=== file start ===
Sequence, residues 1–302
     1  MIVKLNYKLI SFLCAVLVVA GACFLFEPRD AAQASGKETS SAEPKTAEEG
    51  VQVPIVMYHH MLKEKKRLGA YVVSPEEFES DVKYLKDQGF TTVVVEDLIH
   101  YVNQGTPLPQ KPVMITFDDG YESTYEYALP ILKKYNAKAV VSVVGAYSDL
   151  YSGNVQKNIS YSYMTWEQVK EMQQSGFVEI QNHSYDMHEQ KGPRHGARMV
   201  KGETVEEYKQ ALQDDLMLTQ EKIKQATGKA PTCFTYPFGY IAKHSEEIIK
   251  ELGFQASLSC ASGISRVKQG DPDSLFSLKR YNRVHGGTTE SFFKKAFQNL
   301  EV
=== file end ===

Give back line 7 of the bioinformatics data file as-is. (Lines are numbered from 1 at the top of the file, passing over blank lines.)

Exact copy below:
   251  ELGFQASLSC ASGISRVKQG DPDSLFSLKR YNRVHGGTTE SFFKKAFQNL